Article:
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   Recipes for making digestive liquors have been discovered in Egyptian Tombs and classical Greek scrolls.

   But it is monks who are credit with the development of liquors during the Middle Ages.

   They were the medical men of their time and hence were interested in plants, herbs and the medical and preserving properties of the alcohol.

   Some of the best known modern liquors originated in monasteries and were initially produced and marketed for their medicinal qualities.

   By the 15th century the Italians were the leading liquor makers.

   The newly available herbs and spices from the New World and the East, including chocolate, oranges and ginger, influence the varieties of liquors made.

   Liquors dropped in popularity at the turn of the 20th century, but the boom in cocktail bartending has begun to bring liquors back in from the cold.


 Liqueurs Classification

   Liqueurs can be hard to classify, but can be broadly divided into two categories.

   Generics are liqueurs of a particular type (crème de cacao, for example) that can be made by any producer.

   Proprietaries are liqueurs with trademarked names that are made according to an specific formula, (examples like Kahlua, Grand Marnier, etc)













































































 Other terms for Liqueurs


- This Dutch liquor is made of brandy, egg yolks and sugar. It is derivate from an alcoholic drink that Dutch colonist in South America made from the yellowish pulp of the abacate fruit.



- Italian liquor with an almond-apricot flavor.



- The Italian word for bitter.



- The French and Spanish word for anise



- A sweet French aniseed-flavored liquor with coriander and various other herbs.



- An aperitif is any drink taken before a meal to sharpen the appetite and some brands are still produced and marketed with this use in mind.


 Apricot brandy

- A liquor produced either by infusing apricots in brandy and sweetening, or by infusing apricots in neutral spirit.



- A term for bitter liquors and aperitifs made from roots, flowers, fruits and peels, macerated in neutral spirits.


 Cherry brandy

- Liquors made with cherries and other flavorings such as cinnamon and cloves macerated with brandy.


 Coffee Liqueurs

- The warm pungent flavor of the coffee bean combines well with different spirit bases and often a little chocolate to make some of the world’s best liquors.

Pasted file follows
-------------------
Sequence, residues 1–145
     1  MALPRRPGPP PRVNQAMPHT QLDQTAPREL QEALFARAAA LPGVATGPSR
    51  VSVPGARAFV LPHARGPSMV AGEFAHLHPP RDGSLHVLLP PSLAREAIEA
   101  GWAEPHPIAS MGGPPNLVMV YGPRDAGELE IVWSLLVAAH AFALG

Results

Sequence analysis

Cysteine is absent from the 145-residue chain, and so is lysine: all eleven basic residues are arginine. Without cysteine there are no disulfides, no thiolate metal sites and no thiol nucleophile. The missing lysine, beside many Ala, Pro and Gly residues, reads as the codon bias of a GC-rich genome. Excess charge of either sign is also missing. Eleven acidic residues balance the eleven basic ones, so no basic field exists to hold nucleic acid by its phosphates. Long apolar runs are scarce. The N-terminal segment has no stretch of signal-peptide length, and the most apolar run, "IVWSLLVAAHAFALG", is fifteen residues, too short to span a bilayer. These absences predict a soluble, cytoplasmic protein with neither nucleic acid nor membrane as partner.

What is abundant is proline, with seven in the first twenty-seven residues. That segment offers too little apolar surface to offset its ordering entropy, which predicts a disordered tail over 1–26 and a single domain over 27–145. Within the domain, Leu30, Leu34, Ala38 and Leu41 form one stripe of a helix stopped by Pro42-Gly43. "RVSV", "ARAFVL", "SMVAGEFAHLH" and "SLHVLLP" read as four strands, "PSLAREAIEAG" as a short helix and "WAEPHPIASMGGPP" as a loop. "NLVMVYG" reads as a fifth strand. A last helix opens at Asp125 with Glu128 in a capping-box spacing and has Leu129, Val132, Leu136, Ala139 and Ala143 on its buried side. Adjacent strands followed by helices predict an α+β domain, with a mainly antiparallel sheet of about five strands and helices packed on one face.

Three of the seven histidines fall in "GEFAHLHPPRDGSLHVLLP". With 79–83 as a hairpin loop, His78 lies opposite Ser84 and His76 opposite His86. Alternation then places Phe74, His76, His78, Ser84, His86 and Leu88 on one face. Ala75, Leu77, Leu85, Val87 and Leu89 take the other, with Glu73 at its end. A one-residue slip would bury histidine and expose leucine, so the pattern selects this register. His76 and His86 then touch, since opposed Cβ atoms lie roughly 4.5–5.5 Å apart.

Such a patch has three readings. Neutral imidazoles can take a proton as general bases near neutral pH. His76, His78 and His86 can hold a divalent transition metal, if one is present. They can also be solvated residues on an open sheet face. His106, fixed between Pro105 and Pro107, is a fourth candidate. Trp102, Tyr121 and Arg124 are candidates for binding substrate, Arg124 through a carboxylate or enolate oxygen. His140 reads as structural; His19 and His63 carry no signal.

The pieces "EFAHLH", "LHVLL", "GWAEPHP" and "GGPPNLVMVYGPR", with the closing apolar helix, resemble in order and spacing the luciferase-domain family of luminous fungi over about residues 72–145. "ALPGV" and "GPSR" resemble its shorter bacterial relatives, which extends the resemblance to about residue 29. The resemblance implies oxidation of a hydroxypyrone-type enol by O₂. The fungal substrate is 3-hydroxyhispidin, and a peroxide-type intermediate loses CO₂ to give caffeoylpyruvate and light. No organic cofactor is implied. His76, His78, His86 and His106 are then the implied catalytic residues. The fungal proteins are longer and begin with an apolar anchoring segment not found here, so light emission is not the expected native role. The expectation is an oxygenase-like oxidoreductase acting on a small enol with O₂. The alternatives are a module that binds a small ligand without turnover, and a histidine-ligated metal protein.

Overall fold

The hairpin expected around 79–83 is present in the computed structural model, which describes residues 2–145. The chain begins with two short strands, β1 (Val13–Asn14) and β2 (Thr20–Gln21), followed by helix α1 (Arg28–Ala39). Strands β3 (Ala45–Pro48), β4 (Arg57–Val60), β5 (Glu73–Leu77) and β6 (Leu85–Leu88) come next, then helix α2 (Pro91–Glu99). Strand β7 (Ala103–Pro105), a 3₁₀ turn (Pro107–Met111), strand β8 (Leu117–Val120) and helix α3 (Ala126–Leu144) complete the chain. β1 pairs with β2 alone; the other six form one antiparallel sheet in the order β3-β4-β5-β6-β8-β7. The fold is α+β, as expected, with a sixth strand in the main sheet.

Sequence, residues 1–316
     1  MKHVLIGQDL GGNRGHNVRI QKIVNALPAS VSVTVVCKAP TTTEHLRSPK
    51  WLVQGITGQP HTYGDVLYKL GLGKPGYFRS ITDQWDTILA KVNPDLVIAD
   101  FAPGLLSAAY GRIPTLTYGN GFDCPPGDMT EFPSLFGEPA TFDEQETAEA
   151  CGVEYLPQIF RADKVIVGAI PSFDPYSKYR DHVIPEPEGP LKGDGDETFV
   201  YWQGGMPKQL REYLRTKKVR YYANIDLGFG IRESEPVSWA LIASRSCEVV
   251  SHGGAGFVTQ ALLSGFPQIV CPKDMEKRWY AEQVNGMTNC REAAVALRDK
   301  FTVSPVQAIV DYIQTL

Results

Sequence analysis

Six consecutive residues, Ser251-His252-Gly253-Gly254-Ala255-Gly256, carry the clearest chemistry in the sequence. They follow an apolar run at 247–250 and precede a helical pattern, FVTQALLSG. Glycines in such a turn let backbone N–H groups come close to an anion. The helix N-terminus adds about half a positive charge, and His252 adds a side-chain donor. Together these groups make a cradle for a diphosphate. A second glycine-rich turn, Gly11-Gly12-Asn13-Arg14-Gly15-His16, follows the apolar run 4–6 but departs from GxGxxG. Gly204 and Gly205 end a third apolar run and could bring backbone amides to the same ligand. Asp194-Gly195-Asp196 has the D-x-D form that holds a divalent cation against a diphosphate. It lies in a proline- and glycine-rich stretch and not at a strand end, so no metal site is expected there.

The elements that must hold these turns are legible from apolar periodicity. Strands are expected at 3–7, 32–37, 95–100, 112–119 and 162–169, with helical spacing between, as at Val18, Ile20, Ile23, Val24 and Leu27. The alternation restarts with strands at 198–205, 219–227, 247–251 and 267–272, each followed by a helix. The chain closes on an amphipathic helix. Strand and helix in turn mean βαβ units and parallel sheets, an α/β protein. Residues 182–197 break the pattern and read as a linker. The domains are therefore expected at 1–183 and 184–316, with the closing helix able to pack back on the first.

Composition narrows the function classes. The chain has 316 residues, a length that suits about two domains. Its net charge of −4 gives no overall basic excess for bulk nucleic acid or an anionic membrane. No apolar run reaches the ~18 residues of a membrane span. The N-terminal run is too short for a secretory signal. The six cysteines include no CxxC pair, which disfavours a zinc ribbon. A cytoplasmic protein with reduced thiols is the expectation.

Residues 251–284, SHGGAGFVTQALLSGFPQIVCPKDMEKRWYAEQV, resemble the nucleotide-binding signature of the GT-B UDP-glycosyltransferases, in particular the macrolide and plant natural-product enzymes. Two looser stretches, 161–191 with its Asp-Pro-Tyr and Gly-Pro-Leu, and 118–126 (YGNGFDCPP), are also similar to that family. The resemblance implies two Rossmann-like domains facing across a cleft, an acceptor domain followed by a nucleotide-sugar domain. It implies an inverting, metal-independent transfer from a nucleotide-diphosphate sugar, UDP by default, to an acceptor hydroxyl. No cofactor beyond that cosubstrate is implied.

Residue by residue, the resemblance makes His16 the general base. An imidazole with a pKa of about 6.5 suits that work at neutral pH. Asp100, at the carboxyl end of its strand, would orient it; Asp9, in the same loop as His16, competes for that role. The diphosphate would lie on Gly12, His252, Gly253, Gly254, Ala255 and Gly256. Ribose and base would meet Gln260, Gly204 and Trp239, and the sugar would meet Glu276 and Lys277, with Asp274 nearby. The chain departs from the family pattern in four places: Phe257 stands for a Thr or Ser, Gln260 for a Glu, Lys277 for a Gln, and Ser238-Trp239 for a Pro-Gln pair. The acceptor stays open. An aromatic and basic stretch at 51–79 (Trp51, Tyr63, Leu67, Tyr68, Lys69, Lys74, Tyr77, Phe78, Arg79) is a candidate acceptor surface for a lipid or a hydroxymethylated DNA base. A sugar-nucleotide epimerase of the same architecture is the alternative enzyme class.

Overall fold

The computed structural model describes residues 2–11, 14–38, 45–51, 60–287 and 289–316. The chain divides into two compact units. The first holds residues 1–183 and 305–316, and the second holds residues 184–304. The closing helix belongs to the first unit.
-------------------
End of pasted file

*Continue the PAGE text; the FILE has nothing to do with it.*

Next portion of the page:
Cream liqueurs

- A category established by Bailey’s in the late 1970s, which continuous to grow unabated.


 Crème de…

- This French term indicates that one particular flavor predominates in the liqueur; it does not imply that the liquor contains cream. Many fruit liquors are describe as ‘crème de’ followed by the name of a fruit. This refers to the liquor quality and implies a minimum sugar content of 250g per litre.



- A liquor traditionally made from the dried peel of the small bitter Curacao orange, name for the island of Curacao.



- Aperitifs were designed to be drunk before a meal, and digestives were created to drink after a meal.



- is German for cherry, and Kirsch is a clear, cherry-flavored liquor made from cherry kennels, traditionally produced in the area where France, Germany and Switzerland meet.



- This clear liquor is distilled from grain or potatoes and flavored with caraway seeds, fennel, orris and other herbs.



- This is a clear Italian liquor distilled from the Marasca sour cherry and aged in ashwood.



- French hazelnut liquor often include the word ‘noisette’, which means ‘hazelnut’.



- French walnut flavored liquors often include this word, which means ‘nut’.



- A digestive from the northern province Navarra in Spain.



- The origins of Pastis lie in the 19th century French fashion for absinthe. This light greenish-yellow, potent spirit, infused with herbs and spices.



- A Spanish liquor invented by Jose de Soto Ruiz. The word ‘ponche’ means punch.


- This liquor takes its name from the Latin name for elder, a shrub which, with anis, is a essential ingredient in all Sambucas.



- Many new liquors are now sold as ‘schnapps’, which sounds less fuddy-duddy than liquors.


 Sloe gin 

- Sloe gin is made by macerating sloe berries, the fruit of the blackthorn bush, in gin, then ageing in wood.


 Triple sec 

- Although the name means Triple Dry, these orange liquors are very sweet. Made, like curacao, from orange peel, but triple-distilled.









































































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